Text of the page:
The core of the high frequency transformer often include ferrite core material that reduces core loss. The objective of designing the core for the high frequency output transformer of an inverter type power supply is to prevent saturation, since saturation causes a virtual short across the primary winding allowing a large current rise in the switching devices. These current spikes can cause damage to the switching devices or require expensive protective circuits. Such damage is costly and must be avoided in the design of the core of the inverter type power supply. Several factors are considered in the design of a high frequency, high power transformer of the type under consideration. Factors such as weight or core volume, core loss, applied voltage, operating frequency and flux density are factors in consideration of the output transformer design. The primary voltage, which affects the current flow in the switching devices, is determined by a number of parameters set forth in the following formula:
Ep =Np *Ac *ΔB/ΔT *10-8
Ep =Primary Voltage
Np +Number of Primary Turns
Ac =Core Area (in cm2)
ΔB =Flux Change in Gauss
ΔT =Time in seconds for ΔB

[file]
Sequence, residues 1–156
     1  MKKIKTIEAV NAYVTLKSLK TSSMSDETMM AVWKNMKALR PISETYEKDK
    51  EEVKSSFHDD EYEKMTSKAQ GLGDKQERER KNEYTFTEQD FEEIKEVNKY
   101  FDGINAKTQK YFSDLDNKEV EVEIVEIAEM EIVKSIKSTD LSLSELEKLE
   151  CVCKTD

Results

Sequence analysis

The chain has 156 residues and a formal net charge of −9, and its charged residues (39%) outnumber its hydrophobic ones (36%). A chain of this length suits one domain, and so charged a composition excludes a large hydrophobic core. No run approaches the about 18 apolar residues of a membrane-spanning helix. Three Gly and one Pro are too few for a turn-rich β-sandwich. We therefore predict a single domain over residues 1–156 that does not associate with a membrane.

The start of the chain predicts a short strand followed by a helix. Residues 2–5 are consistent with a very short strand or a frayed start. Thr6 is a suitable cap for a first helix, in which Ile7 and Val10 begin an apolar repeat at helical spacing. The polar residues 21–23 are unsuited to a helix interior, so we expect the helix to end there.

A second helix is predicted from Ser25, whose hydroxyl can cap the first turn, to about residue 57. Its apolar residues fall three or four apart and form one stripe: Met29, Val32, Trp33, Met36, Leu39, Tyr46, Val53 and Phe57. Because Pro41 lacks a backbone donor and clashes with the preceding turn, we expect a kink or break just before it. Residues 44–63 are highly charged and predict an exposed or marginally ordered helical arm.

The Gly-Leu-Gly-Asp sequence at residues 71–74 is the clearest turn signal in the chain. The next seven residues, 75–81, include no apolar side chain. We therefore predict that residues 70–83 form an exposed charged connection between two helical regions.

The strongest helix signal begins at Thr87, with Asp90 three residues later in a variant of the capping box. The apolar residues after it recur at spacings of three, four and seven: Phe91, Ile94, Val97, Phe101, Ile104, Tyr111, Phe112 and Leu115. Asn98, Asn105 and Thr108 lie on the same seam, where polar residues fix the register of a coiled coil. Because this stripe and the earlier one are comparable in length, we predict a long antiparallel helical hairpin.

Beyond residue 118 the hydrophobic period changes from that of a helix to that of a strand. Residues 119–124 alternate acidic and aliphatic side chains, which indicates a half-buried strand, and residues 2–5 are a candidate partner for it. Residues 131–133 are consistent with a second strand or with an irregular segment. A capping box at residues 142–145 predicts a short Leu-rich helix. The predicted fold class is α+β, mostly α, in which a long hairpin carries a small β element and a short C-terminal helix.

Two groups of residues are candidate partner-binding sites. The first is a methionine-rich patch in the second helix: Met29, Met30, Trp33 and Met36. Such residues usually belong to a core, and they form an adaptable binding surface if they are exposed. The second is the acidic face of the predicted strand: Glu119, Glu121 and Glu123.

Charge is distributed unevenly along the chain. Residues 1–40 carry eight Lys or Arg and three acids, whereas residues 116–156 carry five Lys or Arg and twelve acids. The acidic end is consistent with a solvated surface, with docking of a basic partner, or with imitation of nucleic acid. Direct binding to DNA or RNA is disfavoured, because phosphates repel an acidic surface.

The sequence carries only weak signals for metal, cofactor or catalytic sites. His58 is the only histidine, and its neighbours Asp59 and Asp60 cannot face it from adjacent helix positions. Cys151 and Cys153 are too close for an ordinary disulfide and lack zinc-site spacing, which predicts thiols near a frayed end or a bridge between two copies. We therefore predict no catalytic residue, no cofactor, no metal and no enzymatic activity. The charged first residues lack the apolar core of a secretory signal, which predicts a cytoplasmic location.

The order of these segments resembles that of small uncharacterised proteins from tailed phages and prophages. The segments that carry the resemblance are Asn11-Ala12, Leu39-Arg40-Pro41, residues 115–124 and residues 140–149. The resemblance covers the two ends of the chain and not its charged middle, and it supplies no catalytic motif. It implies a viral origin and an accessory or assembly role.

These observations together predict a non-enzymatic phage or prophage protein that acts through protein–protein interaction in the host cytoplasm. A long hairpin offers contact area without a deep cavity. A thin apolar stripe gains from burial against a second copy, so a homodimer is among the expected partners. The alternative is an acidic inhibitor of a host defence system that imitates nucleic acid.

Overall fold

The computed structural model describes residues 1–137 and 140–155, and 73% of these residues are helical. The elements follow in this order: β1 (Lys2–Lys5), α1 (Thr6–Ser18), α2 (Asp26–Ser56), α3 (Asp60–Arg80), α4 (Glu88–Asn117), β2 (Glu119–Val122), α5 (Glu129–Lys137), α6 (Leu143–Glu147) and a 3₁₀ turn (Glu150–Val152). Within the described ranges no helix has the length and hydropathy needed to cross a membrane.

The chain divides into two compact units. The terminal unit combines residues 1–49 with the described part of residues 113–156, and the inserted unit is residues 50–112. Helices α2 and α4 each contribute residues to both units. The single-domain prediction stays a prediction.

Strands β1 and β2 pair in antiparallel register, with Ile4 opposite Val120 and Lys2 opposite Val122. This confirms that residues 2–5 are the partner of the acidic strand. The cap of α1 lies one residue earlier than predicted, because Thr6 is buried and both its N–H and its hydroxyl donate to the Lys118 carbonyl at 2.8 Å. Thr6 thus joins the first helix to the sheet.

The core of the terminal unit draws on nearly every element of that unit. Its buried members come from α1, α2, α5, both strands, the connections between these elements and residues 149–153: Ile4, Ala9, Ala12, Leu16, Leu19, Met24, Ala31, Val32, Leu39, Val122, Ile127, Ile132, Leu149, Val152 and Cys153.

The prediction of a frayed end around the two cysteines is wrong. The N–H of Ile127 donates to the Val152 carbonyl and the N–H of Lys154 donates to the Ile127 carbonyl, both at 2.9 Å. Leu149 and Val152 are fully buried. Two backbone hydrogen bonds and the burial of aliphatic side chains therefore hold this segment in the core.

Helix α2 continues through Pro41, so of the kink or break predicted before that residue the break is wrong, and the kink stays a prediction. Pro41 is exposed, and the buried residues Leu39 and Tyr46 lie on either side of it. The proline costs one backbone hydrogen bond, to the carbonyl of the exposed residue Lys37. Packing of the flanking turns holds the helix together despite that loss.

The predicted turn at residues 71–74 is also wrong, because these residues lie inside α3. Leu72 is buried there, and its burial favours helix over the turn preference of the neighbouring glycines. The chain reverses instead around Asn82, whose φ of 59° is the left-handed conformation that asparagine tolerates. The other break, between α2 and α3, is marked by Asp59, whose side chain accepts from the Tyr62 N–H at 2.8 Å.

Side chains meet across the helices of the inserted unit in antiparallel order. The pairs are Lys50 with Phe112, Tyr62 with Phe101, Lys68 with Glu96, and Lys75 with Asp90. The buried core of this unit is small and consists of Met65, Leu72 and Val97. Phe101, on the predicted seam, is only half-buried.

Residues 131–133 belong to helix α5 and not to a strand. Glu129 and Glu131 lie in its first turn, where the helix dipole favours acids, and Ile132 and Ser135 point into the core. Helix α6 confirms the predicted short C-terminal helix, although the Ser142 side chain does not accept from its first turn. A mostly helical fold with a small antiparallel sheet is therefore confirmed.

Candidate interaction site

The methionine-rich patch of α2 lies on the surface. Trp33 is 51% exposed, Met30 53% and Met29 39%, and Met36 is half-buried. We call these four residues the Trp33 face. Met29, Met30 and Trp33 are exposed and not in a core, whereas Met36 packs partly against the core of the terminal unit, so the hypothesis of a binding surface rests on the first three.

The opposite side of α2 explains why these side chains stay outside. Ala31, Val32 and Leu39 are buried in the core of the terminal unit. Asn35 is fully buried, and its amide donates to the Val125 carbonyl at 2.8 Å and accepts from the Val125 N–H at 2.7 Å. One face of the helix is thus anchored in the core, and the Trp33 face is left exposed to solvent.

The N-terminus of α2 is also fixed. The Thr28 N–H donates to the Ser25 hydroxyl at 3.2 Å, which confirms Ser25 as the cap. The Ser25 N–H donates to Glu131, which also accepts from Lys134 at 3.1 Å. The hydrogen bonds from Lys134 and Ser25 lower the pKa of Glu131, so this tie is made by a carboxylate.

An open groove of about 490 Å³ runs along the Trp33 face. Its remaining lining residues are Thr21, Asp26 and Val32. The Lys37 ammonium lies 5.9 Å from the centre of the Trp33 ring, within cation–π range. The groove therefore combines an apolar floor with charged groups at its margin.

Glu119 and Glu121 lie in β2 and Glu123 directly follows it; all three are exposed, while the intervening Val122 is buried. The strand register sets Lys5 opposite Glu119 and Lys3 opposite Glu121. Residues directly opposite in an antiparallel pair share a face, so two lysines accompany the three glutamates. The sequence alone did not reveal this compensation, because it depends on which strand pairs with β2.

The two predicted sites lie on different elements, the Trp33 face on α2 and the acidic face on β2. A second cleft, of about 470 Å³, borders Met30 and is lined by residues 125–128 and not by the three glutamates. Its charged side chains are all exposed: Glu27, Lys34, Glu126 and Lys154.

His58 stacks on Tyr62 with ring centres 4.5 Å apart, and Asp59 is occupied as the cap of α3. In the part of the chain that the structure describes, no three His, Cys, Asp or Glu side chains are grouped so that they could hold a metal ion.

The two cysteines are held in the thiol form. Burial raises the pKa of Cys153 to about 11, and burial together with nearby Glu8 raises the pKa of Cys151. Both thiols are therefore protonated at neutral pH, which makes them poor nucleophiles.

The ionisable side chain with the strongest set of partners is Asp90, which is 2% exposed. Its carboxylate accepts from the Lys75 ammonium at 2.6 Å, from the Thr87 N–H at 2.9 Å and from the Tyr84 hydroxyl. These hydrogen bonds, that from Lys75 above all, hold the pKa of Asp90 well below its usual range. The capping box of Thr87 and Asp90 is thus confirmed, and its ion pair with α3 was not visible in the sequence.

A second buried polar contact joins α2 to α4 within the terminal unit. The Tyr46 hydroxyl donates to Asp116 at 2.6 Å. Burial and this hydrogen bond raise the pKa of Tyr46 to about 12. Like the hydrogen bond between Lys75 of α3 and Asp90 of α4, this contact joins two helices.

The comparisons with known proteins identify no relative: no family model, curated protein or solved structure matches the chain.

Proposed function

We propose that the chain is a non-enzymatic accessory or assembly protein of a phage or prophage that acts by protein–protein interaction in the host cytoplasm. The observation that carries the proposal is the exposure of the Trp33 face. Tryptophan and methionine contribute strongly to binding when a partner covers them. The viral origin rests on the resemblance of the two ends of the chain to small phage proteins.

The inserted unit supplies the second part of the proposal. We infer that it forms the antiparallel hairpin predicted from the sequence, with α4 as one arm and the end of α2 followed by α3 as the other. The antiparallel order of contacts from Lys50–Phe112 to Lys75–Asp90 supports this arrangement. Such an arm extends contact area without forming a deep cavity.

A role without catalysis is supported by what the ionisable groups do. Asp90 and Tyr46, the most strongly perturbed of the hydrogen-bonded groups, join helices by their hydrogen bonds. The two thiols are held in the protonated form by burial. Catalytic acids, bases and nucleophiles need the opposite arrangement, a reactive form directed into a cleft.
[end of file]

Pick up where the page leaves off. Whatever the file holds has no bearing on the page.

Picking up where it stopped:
In the design of a core, wherein the primary voltage Ep and the duration or time in seconds ΔT are constant or generally fixed, the transformer core design is relatively straightforward. Consequently, the use of an inverter for low rated power supplies used to charge, for example, automotive or marine batteries are relatively simple to design and can efficiently use the total volume of the material forming the core. These power supplies are typically below about 300 watts. However, in the inverter type power supply to which the present invention is directed, i.e. above 300 watts, the frequency is fixed by the set oscillator of the pulse width modulator, but the conduction time or duration ΔT is varied. The duty cycle or duration is adjusted rapidly to maintain a desired output voltage or current. In electric arc welding the frequency remains the same, albeit a high frequency over about 5 Khz, but the duration ΔT of each pulse is varied to accurately control the output current wave shape of the D.C. welder. In addition, D.C. welders also regulate output power or energy. In these applications the duty cycle of successive opposite polarity pulses in the primary winding have different durations, which changes in duration can seriously affect the magnetization and demagnetization of the core. An electric arc welding using either a half bridge inverter or a full bridge inverter normally includes a pulse width modulator having a duty cycle which varies from pulse to pulse. The duration or conduction time during the successive half cycles is varied or modulated to control the output current of the high frequency transformer. It is therefore important that the total flux change in one direction equal the total flux change in the opposite direction within the core.